Okanagan Valley Information

The Okanagan, also known as the Okanagan Valley and sometimes as Okanagan Country is a region located in the Canadian province of British Columbia defined by the basin of Okanagan Lake and the Canadian portion of the Okanagan River. As of 2009, the region's population is approximately 350,927.

The primary city is Kelowna. The name derives from the Okanagan language place name uk?naqín.[1] An alternate explanation from Washington proposes "People living where you can see the top", ostensibly of Chopaka Peak in the Lower Similkameen.

The region is known for its dry, sunny climate, dry landscapes and lakeshore communities and particular lifestyle. The economy is retirement and commercial-recreation based, with outdoor activities such as boating and watersports, snow skiing and hiking. Agriculture has been focused primarily on fruit orchards, with a recent shift in focus to vineyards and wine.

The valley stretches from Sicamous, (where it merges with the Shuswap), to the US Border, where it continues as Okanogan County. The Okanagan Region often includes the Boundary Country, Similkameen Country and Shuswap, as well as the Okanagan Valley itself.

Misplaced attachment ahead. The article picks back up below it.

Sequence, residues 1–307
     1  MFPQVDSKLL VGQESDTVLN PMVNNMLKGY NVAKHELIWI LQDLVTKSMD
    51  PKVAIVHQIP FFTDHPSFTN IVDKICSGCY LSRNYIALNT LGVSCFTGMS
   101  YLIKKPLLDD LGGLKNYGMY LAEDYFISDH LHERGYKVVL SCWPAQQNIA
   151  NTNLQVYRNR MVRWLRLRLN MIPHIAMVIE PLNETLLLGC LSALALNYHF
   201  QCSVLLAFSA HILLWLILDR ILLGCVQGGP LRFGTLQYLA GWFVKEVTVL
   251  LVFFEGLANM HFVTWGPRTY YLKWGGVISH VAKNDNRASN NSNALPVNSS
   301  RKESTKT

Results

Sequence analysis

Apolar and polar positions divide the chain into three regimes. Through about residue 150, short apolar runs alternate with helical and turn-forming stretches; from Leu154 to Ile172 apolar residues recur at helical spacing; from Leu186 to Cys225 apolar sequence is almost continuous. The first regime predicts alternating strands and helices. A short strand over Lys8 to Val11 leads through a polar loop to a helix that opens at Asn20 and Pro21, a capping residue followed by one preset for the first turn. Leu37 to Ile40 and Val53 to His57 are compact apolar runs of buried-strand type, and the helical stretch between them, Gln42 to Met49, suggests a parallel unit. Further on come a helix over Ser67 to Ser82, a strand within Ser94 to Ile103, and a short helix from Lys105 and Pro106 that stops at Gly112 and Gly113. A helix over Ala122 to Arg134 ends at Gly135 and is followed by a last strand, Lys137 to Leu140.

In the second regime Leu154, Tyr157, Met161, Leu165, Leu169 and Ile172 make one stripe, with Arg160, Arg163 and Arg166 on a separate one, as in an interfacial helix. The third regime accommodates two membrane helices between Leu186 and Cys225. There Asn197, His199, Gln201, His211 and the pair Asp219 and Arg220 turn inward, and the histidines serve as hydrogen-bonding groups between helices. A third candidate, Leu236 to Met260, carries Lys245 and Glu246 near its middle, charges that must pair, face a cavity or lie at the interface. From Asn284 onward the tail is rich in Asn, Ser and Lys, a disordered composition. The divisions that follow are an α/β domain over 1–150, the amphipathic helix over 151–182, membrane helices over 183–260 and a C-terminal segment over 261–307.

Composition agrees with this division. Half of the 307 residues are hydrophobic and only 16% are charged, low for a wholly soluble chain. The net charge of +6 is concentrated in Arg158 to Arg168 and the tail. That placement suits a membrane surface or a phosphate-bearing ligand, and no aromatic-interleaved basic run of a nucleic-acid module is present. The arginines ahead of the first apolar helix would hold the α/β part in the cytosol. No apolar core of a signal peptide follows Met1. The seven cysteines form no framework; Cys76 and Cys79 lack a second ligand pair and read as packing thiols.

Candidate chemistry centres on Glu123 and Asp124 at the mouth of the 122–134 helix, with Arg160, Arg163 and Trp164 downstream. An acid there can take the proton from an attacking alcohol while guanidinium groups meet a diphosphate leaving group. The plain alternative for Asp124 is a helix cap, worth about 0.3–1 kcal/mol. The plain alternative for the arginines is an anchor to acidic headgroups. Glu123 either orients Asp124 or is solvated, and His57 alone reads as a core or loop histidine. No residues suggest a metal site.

Kelowna is a city on Okanagan Lake in the Okanagan Valley, in the southern interior of British Columbia, Canada. Its name derives from a Okanagan language term for "grizzly bear". Kelowna ranks as the 22nd largest metropolitan area in Canada.

Nearby communities include the district of West Kelowna (a separate political entity from Kelowna) to the west across Okanagan Lake, Lake Country and Vernon to the north, as well as Peachland to the southwest and, further to the south, Summerland and Penticton.

According to the Statistics Canada 2001 census,[22] the population estimates there were 96,288 people residing in Kelowna and 147,739 people residing in the Greater Kelowna Area.

Vernon is a city in the south-central region of British Columbia, Canada. Named after Forbes George Vernon, a former MLA of British Columbia who helped found the famed Coldstream Ranch, the City of Vernon was incorporated on December 30, 1892. The City of Vernon has a population of 38,150 (2011), while its metropolitan region, Greater Vernon, has a population of 58,584 (2011).[1] With this population, Vernon is the largest city in the North Okanagan Regional District. A resident of Vernon is called a "Vernonite".  In 2005, on an episode of The Early Show, Vernon was ranked as one of the top six most desirable communities to retire to in North America by Consumer Reports.[2]

Each winter, Vernon plays host to the Vernon Winter Carnival. First held in 1961, it is now Western Canada's largest and North America's second largest Winter Carnival.[15][16][17]

Also, in summer, there is the Sunshine festival, held on the main street.

 

  • Kelowna is home to more than 118,500 people.
  • The Central Okanagan Regional District has a population of 167,000.
  • Kelowna encompasses 214 km2 of land and 48 km2 of water area